Hop Hornbeam

Scientific Name(s): Ostrya virginiana
Abundance: uncommon
What: seeds
How: raw, roasted, flour
Where: woods
When: late summer
Nutritional Value: calories
Dangers: none

Leaf Arrangement: Leaves are alternate along the stem.

Leaf Shape: Simple, doubly serrated leaves with an elliptical shape, typically measuring 2 to 5 inches in length.

Leaf Color: Foliage is dark green in summer, turning yellow to bronze in the fall.

Flower Structure: Inconspicuous, small flowers arranged in catkins.

Flower Size: Individual flowers are tiny, around 1/8 inch in size.

Fruit (Samara): The fruit is a small, flattened, papery-winged samara, measuring about 1/2 to 3/4 inch in length, growing in close-packed, hanging clusters resembling that of the vine hops.

Bark: Bark is smooth and gray on young stems, becoming grayish-brown and peeling with age.

Height: American hop hornbeam is a small to medium-sized tree, reaching heights of 20 to 40 feet.

Hairs: Leaves may be rough due to microscopic hairs.

Wood Color: Heartwood color is light to reddish-brown.

Branching Pattern: The branching pattern is irregular, forming a rounded or oval crown.
 spreading 30 feet. May have multiple trunks.

Hornbeam "hops" in June. Alas, they won't make beer.

Close-up of seedhead consisting of overlapping samaras.

Ripe seedheads in September. Each samara holds a seed.
Hop Hornbeam

The trunk is gray,  peeling, and rarely exceed 10" in diameter.

Note the edges of the leaves are finely serrated, the vein structure is pinnate, and the leaves alternate on the branch.
Hop Hornbeam

Texas distribution, attributed to U. S. Department of Agriculture. The marked counties are guidelines only. Plants may appear in other counties, especially if used in landscaping.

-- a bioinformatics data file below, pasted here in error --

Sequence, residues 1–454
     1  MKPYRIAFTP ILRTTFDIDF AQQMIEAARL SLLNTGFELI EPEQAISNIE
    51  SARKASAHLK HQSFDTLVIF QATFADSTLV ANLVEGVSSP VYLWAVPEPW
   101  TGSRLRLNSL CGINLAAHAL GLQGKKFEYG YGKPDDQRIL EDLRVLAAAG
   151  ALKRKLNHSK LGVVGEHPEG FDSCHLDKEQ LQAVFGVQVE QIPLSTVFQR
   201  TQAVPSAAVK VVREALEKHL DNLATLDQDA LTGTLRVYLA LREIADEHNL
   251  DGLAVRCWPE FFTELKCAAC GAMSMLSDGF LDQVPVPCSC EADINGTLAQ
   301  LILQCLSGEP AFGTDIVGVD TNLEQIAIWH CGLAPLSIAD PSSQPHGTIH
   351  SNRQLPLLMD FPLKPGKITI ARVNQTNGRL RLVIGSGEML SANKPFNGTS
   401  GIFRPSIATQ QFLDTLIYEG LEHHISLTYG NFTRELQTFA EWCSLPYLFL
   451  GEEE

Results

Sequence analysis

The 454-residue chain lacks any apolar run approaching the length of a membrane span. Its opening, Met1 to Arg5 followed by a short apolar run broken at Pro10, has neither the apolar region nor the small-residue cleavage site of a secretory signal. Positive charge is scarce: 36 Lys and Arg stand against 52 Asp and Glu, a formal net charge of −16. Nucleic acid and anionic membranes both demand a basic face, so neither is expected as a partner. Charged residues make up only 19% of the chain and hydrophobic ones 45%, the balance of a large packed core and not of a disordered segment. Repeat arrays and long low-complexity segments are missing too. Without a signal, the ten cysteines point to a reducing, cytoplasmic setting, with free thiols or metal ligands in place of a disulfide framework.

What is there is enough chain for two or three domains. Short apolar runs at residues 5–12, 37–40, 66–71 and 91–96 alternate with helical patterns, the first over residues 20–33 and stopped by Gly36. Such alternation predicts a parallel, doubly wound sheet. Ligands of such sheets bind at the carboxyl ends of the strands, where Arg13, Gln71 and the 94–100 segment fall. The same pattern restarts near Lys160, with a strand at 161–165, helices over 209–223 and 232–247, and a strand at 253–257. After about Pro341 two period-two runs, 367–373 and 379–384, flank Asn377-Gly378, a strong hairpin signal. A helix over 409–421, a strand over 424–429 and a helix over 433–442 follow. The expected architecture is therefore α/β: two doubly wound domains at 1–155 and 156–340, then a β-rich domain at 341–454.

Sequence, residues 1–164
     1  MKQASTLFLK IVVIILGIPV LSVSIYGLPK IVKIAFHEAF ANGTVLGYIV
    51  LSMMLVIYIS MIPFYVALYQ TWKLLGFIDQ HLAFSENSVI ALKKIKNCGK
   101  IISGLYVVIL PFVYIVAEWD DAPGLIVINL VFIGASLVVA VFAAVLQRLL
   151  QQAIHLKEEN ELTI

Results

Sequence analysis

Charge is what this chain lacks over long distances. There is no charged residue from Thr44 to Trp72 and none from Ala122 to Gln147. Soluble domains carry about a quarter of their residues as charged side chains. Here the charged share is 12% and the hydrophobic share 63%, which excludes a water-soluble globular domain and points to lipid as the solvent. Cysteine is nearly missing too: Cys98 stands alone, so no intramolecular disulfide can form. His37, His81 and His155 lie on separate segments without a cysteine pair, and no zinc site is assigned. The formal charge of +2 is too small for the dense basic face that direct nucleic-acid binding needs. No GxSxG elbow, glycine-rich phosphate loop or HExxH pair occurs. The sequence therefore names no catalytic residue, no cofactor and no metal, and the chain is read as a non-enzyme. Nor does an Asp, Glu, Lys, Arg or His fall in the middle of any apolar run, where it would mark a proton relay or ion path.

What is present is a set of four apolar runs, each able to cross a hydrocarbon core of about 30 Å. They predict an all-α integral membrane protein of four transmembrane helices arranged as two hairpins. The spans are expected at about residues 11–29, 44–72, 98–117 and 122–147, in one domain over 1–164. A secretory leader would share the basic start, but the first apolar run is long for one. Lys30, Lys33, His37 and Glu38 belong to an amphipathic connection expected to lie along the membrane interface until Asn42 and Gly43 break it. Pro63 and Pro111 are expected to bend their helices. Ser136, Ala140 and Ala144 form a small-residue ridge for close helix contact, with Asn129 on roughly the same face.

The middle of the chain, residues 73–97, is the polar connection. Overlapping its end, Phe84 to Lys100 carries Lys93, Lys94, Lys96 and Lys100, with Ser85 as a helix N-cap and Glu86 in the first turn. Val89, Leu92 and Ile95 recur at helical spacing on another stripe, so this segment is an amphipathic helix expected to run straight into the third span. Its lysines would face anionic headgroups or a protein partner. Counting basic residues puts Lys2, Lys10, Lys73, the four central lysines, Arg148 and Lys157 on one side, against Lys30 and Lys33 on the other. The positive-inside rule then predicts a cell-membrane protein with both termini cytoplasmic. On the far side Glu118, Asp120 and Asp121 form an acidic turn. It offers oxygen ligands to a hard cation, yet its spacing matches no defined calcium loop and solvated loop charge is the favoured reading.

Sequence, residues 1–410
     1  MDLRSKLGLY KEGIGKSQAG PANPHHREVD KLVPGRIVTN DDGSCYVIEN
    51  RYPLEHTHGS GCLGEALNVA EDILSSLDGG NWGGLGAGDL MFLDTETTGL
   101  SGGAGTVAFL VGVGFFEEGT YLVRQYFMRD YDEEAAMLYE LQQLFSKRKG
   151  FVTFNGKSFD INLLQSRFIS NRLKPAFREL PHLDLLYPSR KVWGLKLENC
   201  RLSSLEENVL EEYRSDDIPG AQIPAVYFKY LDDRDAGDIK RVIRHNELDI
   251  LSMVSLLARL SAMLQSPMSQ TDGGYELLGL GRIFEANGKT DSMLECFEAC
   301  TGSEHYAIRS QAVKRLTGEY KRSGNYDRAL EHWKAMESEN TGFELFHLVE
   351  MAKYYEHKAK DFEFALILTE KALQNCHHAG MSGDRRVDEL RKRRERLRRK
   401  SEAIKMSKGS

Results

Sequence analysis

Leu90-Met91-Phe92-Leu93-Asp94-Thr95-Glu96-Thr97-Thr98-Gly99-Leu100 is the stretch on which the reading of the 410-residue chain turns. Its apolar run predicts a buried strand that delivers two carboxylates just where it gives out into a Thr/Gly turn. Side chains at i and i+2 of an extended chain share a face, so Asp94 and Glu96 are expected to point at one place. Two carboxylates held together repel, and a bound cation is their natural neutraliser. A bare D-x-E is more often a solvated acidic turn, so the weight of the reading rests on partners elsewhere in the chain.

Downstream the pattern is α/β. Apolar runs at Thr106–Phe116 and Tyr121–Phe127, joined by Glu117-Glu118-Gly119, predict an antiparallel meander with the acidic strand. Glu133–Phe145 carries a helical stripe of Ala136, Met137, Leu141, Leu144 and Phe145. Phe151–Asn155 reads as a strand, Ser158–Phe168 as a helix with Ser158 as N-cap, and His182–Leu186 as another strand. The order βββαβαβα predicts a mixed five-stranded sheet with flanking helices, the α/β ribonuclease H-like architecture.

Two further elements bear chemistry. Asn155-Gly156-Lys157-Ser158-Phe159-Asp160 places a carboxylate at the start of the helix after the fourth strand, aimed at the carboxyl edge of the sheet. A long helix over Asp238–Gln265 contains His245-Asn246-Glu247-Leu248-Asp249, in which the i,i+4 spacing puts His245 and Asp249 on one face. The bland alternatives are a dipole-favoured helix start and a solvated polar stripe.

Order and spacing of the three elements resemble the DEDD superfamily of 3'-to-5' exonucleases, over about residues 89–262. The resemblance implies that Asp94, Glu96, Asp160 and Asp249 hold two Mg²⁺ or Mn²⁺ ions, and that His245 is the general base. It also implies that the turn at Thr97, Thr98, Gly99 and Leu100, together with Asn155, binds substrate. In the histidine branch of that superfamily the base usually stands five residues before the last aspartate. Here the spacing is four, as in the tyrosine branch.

North American distribution, attributed to U. S. Department of Agriculture.

I often wonder what Texas beermakers think when they see hop hornbeam seedheads for the first time? Starting in midsummer these medium-sized trees are covered in what looks almost exactly like the hops used in brewing. These rather uncommon trees are usually found along the borders of woods where they are shaded by larger hardwoods but still can grab a bit of sun.

It's unusual seedhead clusters look very much like those of the beer-necessity hop vine. The leaves resemble elms but without the distinctive, directional hairs of the Ulmus (elm) species. The trunk, rarely exceeding 10" in diameter, appear to constantly be peeling their bark in narrow, cracked strips.

The seeds, though small, are plentiful are somewhat time consuming to collect. Regardless, they still were an important food source for Native Americans. The seeds have a mild, nutty flavor raw. Roasting them a bit makes them taste even better. Both the raw and roasted seeds can be boiled into a porridge or ground into a gluten-free flour.

Buy my book! Outdoor Adventure Guides Foraging covers 70 of North America's tastiest and easy to find wild edibles shown with the same big pictures as here on the Foraging Texas website.

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